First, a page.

The Telegraph
Since 1st March, 1999
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Sophie’s choice: a solo career

London, Feb. 20: The Countess of Wessex took her first tentative solo steps as a full-time working royal yesterday with the announcement that she is to be patron of several charities.

Since relinquishing her public relations career last year, the 38-year-old countess has mainly supported her husband, the Earl of Wessex, in his duties.

Although she has carried out some solo engagements, Tuesday’s announcement confirms a higher profile with her own mantle of charitable causes.

News of the patronages came as she and Prince Edward visited the Brainwave Centre in Bridgwater, Somerset, a therapy unit for children with brain injuries, where it was announced that she has agreed to become its president.

The other seven patronages indicate that she has chosen organisations specialising in helping people with speech and communications difficulties.

They include Wessex Heartbeat at Southampton General Hospital’s cardiac unit, the Dyslexia Institute, an educational service, the Healing Foundation for people with disfigurement and the New Haven Trust, Toronto, Canada, for treating autistic children.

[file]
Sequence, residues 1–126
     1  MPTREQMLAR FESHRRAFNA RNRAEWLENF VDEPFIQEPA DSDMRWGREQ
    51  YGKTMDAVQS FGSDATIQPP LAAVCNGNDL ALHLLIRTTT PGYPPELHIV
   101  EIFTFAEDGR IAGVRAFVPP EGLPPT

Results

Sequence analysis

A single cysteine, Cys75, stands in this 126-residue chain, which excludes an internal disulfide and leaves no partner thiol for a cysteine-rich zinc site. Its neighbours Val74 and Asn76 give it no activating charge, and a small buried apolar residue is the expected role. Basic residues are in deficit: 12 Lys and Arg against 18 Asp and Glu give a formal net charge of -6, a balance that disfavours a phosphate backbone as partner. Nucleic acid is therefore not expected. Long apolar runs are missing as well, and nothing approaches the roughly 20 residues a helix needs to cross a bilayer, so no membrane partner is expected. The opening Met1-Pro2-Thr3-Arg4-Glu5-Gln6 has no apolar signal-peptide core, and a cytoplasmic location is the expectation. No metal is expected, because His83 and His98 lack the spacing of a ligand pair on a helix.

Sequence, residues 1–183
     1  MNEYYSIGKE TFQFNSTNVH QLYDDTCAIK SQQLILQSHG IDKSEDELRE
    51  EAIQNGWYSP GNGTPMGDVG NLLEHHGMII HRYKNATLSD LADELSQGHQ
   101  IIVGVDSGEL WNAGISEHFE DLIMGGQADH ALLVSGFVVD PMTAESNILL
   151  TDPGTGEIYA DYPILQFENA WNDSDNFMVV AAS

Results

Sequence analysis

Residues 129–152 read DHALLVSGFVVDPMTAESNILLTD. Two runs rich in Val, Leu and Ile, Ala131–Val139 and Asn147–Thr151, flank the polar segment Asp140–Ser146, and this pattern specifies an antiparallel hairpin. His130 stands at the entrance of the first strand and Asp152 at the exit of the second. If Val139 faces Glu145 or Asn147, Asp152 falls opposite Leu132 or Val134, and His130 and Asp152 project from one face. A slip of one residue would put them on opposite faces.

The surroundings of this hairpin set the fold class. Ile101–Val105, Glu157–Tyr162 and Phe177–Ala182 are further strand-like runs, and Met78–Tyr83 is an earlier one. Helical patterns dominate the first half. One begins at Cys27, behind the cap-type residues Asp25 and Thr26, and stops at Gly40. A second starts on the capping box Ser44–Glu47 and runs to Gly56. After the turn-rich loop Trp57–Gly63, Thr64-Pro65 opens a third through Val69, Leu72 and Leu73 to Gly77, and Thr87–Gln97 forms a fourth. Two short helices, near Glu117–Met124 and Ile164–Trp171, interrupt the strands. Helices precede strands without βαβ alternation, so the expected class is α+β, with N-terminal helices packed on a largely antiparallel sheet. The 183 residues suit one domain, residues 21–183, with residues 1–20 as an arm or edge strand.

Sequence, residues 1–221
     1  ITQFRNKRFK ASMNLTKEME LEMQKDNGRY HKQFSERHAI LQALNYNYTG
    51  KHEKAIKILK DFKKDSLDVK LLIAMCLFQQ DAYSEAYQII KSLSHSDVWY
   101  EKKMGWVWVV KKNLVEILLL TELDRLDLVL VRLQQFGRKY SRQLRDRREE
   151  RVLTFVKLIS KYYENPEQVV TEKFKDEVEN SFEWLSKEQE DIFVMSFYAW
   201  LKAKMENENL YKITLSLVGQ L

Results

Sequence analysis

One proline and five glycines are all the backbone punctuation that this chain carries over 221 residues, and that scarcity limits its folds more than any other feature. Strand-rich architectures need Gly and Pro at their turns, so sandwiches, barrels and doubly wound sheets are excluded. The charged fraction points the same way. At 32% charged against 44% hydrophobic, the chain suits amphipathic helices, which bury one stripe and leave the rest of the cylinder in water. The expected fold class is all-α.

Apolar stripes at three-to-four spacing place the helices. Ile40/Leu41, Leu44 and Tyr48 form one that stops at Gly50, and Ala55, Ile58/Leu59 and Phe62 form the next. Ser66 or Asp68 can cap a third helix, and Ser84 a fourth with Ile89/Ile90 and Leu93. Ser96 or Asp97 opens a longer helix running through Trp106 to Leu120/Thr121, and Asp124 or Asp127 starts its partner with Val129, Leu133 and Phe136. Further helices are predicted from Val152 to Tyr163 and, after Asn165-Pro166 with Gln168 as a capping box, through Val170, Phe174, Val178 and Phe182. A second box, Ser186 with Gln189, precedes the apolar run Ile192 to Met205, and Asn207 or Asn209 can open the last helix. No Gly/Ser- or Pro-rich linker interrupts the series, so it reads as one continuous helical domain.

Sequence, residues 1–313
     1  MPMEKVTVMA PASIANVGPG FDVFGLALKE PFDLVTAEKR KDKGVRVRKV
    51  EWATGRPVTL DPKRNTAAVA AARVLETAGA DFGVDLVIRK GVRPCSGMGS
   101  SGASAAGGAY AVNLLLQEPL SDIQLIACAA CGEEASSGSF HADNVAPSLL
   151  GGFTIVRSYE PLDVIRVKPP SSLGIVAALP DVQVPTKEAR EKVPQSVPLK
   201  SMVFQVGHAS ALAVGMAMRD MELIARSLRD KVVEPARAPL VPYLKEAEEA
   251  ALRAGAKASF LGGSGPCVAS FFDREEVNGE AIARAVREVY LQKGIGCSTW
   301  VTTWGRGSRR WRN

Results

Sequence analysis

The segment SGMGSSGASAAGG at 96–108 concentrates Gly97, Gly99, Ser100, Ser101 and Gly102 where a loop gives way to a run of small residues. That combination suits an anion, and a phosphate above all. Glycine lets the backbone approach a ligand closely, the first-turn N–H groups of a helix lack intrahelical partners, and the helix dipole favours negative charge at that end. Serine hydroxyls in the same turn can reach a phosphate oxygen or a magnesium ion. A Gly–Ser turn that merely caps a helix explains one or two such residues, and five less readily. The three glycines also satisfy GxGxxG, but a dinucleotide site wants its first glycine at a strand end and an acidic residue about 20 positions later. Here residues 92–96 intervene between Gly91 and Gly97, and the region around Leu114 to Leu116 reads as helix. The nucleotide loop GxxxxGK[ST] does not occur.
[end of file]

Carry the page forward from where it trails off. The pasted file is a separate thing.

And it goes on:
In addition she will be patron of Tomorrow’s People which helps the disadvantaged to find work, housing and a place in society; St Mary’s School, Bexhill, East Sussex, a special needs school; and Vision 2020, a global organisation to eliminate avoidable blindness. “She is terribly excited about it,” said a source. “She wants the charities to take the lead because she feels she is inexperienced.

“It’s the beginning of a process for her. She wants to become really involved and then expand slowly and build as she becomes more knowledgable and as she grows in confidence.

“She is very, very interested in organisations that help people with speech and learning difficulties,” the source added. She visited Brainwave last year and was very impressed with what she saw.”

The deaths of the Queen Mother and Princess Margaret last year left many charities and organisations without a royal patron. It is expected that the countess will take over some of those organisations, and more patronages will be announced in the coming weeks.

She is already a trustee of the Haven Trust, the breast cancer organisation, and attended a reception at a London hotel earlier this week for them.

In addition she is a trustee of the Jill Dando Fund, set up after the murder of her friend, the television presenter, to sponsor research into crime, and she is on the advisory committee of Gifts Direct, where manufacturers donate unwanted seconds to worthy causes.

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